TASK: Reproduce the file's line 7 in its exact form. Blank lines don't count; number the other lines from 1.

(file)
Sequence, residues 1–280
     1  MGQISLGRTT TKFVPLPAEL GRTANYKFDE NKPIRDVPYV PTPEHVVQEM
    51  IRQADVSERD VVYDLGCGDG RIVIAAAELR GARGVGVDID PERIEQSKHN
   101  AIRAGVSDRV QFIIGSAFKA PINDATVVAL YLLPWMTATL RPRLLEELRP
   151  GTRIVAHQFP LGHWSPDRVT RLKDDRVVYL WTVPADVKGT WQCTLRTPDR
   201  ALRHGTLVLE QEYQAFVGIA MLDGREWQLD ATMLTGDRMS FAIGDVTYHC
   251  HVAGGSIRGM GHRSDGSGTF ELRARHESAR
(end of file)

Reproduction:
   251  HVAGGSIRGM GHRSDGSGTF ELRARHESAR